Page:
Mayor, City Council, Nationwide Childrens Hospital and Community Partners Celebrate Citys First Renovated Residential Property Utilizing Federal Housing and Recovery Funds

September 17, 2010

Columbus Mayor Michael B. Coleman today joined with City Councilmember Charleta B. Tavares, Nationwide Children’s Hospital CEO Steve Allen, MD, and community leaders, to celebrate the city’s first renovated residential property utilizing federal housing and recovery funds through the Neighborhood Stabilization Program (NSP). In addition to NSP funds, the home located at 829 Carpenter Street was recently rehabbed as part of the Healthy Neighborhoods, Healthy Families (HNHF) initiative, a joint venture between Nationwide Children’s and Community Development for All People (CD4AP) with support from the city of Columbus and the United Way of Central Ohio. On Carpenter Street alone, 12 homes have been impacted through HNHF.

“I want to salute our partners at Nationwide Children’s Hospital for their dedication to and investments in our neighborhoods,” said Mayor Coleman. “I am also pleased that these NSP-funded homes meet the AWARE Green standards adopted by the City of Columbus and Franklin County to create healthy housing options that will save families money on their utility bills.”

NSP was established for the purpose of stabilizing communities that have suffered from foreclosures and abandonment. Through the purchase and redevelopment of foreclosed and abandoned homes and residential properties, the goal of the program is being realized.

HNHF, first announced in September 2008, is a five-pronged, public-private collaborative focused on neighborhood revitalization in Columbus’ South Side, which creates tangible outcomes through a broad-based effort that is responsive to the needs and desires of the community. Built on existing efforts, HNHF targets the neighborhood around the new Livingston Avenue Elementary School, Nationwide Children’s and current South Side housing improvement efforts. Affordable housing is one of five components identified by HNHF as an integral part to strengthening neighborhoods to create the best environment to nurture children and families. The other four components are education; health and wellness; safe and accessible neighborhoods; and workforce and economic development.

“The City of Columbus and Nationwide Children’s Hospital are bringing many ideas to the table because there is no single solution to the problem of poverty or access to health care in our community,” said Councilmember Tavares, chair of the Health and Human Development Committee. “Working together, across a broad range of social service agencies and components, we will affect change in Columbus.”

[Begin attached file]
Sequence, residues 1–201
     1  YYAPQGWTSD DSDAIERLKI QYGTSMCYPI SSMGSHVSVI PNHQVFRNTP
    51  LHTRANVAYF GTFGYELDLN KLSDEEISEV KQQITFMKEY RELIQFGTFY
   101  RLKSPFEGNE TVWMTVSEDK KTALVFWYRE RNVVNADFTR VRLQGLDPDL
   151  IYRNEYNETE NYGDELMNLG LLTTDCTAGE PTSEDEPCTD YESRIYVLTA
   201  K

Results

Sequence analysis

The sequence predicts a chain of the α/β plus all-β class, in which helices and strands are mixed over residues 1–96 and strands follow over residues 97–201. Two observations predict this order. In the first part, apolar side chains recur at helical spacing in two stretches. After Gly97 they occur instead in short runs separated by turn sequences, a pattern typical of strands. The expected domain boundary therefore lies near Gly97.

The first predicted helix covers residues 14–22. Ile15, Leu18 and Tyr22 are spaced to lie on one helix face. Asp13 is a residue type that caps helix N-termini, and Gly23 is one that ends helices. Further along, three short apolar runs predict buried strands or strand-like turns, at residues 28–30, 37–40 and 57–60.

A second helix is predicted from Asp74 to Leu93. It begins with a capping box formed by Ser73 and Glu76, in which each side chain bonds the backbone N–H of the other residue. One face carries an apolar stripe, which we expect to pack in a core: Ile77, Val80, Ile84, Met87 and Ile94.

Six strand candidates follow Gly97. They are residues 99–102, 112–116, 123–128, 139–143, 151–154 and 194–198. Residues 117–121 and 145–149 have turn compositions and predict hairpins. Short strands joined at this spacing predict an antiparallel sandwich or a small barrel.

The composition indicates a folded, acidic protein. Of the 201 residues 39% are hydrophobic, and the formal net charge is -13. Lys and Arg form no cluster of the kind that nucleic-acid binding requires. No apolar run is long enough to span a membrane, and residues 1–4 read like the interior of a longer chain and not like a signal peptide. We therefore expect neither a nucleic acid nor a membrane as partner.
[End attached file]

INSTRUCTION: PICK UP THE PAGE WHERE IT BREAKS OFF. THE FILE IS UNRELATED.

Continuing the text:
Since its inception, HNHF has acquired 21 vacant/foreclosed homes in the target area. In 2011, HNHF plans to renovate an additional 16 homes with funds from NSP2, the United Way and Nationwide Children’s. Under a program to work with existing home owners in the area, HNHF has made improvements to 22 homes since 2008, and in collaboration with the United Way, has committed to complete an additional 24 home repairs in the next two years.

During the last two years, additional housing efforts have gained momentum. Community partners CD4AP, Columbus Housing Partnership and the city’s Home Again initiative, have improved 14 homes in the target area. In addition to the home improvement incentives program for existing home owners, these organizations provide home buyer assistance and education, and a foreclosure prevention program.

“Thanks to the many public and private partners now involved in these local housing efforts, Healthy Neighborhoods, Healthy Families is well on its way to achieving our vision of affordable housing as part of comprehensive neighborhood revitalization,” said Dr. Allen of Nationwide Children’s. “This NSP funding is just the latest tangible example of the results we can achieve by coming together with a shared goal of making a difference in the community we call home.”

In addition to progress around housing, HNHF has made advances around its other four components. Health and wellness efforts include a new charitable pharmacy, vaccination clinics, farmers’ markets and anti-obesity programs in local schools. Education efforts include mentoring at schools and a family literacy project. Neighborhood safety is being targeted with volunteer-staffed walking routes for children going to school. Around workforce development, Nationwide Children’s has held a series of local vendor open houses to increase business going to neighborhood firms.

About Nationwide Children's Hospital

Named to the Top 10 Honor Roll on U.S. News & World Report’s 2019-20 list of “Best Children’s Hospitals,” Nationwide Children’s Hospital is one of America’s largest not-for-profit freestanding pediatric health care systems providing wellness, preventive, diagnostic, treatment and rehabilitative care for infants, children and adolescents, as well as adult patients with congenital disease. Nationwide Children’s has a staff of more than 13,000 providing state-of-the-art pediatric care during more than 1.5 million patient visits annually. As home to the Department of Pediatrics of The Ohio State University College of Medicine, Nationwide Children’s physicians train the next generation of pediatricians and pediatric specialists. The Abigail Wexner Research Institute at Nationwide Children’s Hospital is one of the Top 10 National Institutes of Health-funded freestanding pediatric research facilities. More information is available at